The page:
September 22, 2023

Before he led large urban school districts on both coasts, it was in the middle of the country that Antwan Wilson first learned about the importance of education and the doors it can unlock.

It’s those same opportunities Wilson, who grew up in Lincoln, wants to give to all students as Lincoln Public Schools’ next superintendent.

“I’m focused on every student being successful,” said Wilson, a graduate of Lincoln High School and Nebraska Wesleyan University. “There are no students that we can afford to just dismiss.”

Wilson, an assistant professor at NWU and CEO of an educational consulting group, is one of four superintendent finalists meeting with the Lincoln Board of Education and community members this week.

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Answering questions Tuesday at the school district’s central office, he offered a vision of the future at LPS that’s collaborative, open and diverse — where all students, teachers and community members see themselves as part of the educational process. 

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“If you hold me to one thing, I’m a servant/leader,” Wilson said. “So I understand that my success comes through helping the people that I work with achieve success.”

As an educator, Wilson said he understands the challenges teachers have had to navigate amid the pandemic and ongoing workforce shortages and said he wants to create an “intentional pipeline” for students in LPS to get into education, like he did.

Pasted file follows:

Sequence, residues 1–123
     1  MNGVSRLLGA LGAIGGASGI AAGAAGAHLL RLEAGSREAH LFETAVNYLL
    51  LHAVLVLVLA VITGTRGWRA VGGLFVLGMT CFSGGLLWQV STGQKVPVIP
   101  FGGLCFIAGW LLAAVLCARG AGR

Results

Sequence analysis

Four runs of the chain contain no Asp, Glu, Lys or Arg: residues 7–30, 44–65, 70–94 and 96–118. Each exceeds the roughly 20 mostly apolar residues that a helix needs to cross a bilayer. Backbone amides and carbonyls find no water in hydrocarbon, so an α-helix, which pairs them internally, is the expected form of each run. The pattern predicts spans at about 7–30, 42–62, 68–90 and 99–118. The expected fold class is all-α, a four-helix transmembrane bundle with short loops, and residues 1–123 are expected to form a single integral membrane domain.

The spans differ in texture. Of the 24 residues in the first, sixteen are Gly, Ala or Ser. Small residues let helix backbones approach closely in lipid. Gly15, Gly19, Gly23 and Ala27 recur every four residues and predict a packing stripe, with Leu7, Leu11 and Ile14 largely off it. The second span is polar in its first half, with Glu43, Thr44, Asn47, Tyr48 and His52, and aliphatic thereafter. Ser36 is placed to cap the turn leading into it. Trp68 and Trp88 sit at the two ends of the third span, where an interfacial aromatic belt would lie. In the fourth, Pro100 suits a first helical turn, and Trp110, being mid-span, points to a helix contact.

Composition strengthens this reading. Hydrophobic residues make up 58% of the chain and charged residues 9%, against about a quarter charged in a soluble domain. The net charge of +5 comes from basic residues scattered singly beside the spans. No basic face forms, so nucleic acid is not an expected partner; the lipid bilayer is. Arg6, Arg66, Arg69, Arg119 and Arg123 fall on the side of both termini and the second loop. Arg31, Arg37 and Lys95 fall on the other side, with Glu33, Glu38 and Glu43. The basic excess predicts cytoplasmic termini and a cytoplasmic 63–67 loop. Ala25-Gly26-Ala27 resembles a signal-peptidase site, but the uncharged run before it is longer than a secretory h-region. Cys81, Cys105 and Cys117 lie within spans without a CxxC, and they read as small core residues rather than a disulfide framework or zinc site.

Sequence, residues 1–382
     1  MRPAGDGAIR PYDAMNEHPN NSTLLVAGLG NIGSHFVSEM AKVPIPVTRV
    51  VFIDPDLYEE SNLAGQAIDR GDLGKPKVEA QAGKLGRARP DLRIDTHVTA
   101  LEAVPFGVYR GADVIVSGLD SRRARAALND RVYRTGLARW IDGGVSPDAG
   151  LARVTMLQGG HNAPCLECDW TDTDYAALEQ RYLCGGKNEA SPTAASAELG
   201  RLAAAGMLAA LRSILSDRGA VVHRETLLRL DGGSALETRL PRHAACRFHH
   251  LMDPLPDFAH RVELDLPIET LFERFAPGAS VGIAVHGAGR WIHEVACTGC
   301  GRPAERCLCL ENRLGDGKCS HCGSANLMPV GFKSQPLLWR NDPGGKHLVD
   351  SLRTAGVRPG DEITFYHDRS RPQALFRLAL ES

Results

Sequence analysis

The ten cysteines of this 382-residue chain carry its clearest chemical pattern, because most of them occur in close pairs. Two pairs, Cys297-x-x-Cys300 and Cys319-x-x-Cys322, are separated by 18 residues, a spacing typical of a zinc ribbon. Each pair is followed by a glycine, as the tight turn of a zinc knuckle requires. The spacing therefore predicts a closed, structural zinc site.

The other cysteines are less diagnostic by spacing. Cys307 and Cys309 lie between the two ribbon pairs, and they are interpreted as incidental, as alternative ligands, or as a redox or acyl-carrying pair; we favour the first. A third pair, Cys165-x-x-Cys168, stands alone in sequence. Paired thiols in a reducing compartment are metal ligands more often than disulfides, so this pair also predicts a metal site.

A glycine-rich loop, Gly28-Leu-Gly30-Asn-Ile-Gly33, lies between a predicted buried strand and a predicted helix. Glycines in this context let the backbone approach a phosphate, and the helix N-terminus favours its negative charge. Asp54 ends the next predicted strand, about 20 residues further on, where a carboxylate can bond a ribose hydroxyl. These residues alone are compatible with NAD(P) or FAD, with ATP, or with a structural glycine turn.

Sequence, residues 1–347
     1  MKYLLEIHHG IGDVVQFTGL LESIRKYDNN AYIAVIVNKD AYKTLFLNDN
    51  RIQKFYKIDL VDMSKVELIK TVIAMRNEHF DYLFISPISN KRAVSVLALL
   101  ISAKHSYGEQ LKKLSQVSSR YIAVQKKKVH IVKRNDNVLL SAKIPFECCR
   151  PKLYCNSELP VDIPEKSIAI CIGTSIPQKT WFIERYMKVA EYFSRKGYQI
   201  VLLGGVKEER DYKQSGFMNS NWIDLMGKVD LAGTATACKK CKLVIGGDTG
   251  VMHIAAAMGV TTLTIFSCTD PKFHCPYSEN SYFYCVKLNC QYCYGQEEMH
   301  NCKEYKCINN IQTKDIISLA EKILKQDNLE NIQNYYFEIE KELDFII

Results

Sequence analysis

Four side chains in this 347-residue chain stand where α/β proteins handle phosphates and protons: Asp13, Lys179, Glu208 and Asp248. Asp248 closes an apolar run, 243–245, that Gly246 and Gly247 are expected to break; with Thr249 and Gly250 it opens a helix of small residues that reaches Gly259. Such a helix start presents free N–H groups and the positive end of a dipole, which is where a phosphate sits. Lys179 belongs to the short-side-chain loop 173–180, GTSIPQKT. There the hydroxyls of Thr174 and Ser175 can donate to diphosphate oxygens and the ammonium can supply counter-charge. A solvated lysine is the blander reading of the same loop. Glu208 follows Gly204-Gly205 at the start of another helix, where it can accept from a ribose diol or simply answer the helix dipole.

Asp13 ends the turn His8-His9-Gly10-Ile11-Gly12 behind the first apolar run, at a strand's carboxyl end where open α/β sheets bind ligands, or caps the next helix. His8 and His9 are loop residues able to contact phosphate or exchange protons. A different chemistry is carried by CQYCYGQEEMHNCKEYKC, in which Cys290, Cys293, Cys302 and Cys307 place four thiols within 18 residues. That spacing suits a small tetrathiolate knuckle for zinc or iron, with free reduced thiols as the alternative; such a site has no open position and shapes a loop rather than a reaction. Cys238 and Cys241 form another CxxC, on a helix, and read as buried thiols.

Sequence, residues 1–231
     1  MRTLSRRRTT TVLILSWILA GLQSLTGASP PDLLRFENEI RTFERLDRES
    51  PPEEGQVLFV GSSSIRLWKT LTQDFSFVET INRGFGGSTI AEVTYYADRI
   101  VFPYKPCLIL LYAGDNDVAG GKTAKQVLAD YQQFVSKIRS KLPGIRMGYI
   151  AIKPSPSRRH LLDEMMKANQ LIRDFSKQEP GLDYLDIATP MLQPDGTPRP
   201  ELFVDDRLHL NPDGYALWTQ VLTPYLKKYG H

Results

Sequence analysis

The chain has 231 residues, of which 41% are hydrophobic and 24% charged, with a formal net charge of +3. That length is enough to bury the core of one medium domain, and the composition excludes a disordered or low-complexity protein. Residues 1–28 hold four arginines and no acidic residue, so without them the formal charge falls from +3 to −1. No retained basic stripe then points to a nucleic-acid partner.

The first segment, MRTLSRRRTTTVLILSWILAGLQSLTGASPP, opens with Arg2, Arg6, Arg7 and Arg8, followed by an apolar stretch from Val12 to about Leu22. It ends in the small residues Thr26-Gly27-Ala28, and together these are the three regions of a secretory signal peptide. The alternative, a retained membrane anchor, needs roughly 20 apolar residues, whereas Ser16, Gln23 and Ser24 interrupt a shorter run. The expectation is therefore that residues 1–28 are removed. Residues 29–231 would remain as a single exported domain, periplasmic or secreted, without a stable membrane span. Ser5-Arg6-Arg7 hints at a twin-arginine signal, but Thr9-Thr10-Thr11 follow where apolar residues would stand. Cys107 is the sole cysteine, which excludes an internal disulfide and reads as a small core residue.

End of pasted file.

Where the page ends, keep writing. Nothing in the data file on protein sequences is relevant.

Wilson, after years as a Lincoln High Link, taught at Lincoln Northeast and schools in North Carolina and Kansas before becoming an instructional coordinator at Lincoln High.

He went on to be a middle school principal in Kansas and high school principal in Denver before serving as assistant superintendent for post-secondary readiness in Denver.

Wilson then made the jump to superintendent — first in Oakland, California, for three years and then in Washington. But Wilson’s tenure in D.C. was short-lived after he resigned a little more than a year into the job amid a controversy over the district’s competitive school lottery process.

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It was learned that Wilson’s daughter was improperly transferred to one of the district’s top-performing schools over other students on a wait list, violating a policy Wilson put in place. 

On Tuesday, Wilson said he was proud of his work in D.C., where he worked to close achievement gaps in a district of 48,000 students. In moving his daughter to a different school, Wilson said he was simply looking after her emotional well-being and had not taken the time when they first moved to find her the right school.

In that process, Wilson said he did not hide anything but regretted the attention it took away from the district. 

“I understand people having pause around that,” he said. “But, ultimately, I’m an open book, and I would be proud to be the superintendent of Lincoln Public Schools.”